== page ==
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1970s

New Cross Fire

13 people were killed and 29 injured in a fire that engulfed a house in New Cross, south London. The cause was never established conclusively and no one was ever charged, though the drawn out investigation was interpreted by many as police and societal indifference towards the black community.

Angela Jackson (18) and Yvonne Ruddock (16) were celebrating their birthdays at Yvonne's home on the night of 18 January 1981. At the peak of the party, there was an estimated 150 to 200 black youngsters and adult chaperones. In the early hours of the morning after most of the party had left, a fire broke out in the front room of the three-storey house. The fire injured 20 and killed nine, including Yvonne.

Commander Graham Stockwell, head of south London CID, headed the investigation, and early on discounted a racist motive to the fire. Witnesses said they saw a man go up to the house and throw something through the window, which many interpreted as a petrol bomb. The police's first conclusion was that the fire had been started when someone from the party poured paint thinner on the floor and ignited it, but other theories included a 'sexual jealousy' row where the curtains were set alight. Even though the police discounted that the fire was racially motivated, it was reported that racist letters had been sent to the families of the victims.

Many people felt that the perceived police indifference towards the fire, and the lack of press attention had a racial element. The Financial Times reported, 'Whether such an attitude is reasonable, the fact is that the black community (or a sizeable segment of it) believes passionately that, had their face been white, the courts' approach would have at least been more sympathetic. It is sad that such attitudes persist. But their very persistence demands that a host nation owes to its immigrant minorities consideration beyond the ordinary.'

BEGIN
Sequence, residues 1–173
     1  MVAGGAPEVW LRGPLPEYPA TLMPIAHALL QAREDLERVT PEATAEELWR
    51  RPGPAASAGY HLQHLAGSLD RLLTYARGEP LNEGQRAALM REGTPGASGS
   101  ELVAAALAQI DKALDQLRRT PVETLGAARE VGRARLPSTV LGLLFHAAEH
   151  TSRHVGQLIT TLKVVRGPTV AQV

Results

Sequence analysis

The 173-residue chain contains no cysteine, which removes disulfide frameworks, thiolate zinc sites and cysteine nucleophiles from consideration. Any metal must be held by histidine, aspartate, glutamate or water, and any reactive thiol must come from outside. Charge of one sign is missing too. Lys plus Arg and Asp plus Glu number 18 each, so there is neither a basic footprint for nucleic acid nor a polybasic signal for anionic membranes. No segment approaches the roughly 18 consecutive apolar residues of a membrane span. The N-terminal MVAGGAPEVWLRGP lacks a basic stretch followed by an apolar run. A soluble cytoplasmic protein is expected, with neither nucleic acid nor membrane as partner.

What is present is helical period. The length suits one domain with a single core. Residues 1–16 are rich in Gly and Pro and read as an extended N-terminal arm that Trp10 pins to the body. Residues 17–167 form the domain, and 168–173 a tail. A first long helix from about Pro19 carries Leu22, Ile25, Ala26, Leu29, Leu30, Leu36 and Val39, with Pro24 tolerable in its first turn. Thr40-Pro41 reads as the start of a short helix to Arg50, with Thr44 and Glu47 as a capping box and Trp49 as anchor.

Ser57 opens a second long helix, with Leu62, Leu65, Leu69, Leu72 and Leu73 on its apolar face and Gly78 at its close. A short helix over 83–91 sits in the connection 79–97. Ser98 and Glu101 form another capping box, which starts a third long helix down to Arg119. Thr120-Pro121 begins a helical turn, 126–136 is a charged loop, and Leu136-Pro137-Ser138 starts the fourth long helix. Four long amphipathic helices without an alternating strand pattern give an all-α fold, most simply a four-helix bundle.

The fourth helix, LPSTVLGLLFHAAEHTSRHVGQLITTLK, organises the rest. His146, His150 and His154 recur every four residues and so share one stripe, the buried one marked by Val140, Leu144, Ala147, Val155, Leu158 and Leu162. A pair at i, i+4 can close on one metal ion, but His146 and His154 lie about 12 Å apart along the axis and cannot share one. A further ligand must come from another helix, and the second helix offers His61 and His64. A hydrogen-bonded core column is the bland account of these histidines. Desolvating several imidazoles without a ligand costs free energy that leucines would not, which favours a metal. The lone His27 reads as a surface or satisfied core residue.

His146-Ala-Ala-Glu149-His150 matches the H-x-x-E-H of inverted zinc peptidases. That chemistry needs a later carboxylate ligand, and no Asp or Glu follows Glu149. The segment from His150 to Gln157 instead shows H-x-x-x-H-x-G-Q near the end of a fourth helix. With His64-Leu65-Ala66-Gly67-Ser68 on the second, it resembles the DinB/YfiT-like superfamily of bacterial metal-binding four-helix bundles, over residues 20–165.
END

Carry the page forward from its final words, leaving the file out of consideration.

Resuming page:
The coroner, Dr Arthur Davies, came under scrutiny when at the inquest he was said to have summed up evidence to the jury without the help of notes, had included material never given in sworn evidence, and - according to counsel for the families - omitted many crucial points. Lord Lane, Lord Chief Justice, exonerated Dr Davies saying that 'irregularities' were insignificant and had no impact on the course of the inquiry'.

Audio Interview

Usha Prashar © Benedict HilliardUsha Prashar was Director of the Runnymede Trust from 1976 to 1984, a Fellow with the Policy Studies Institute, and a director of the National Council for Voluntary Organisations. She was formerly executive chairman of the Parole Board of England and Walesand was First Civil Service Commissioner. Lady Prashar was chairman of the National Literacy Trust from 2001 to 2005. Lady Prashar was a non-executive director of Channel Four Television and a non-executive director of ITV plc. She became a governor of De Montfort University in 1996, and became its Chancellor in 2001. She was appointed a Trustee of the BBC World Service Trust in 2002, and is President of the Royal Commonwealth Society. She was appointed CBE in 1994, and was made a Life Peer in 1999 as Baroness Prashar, of Runnymede.
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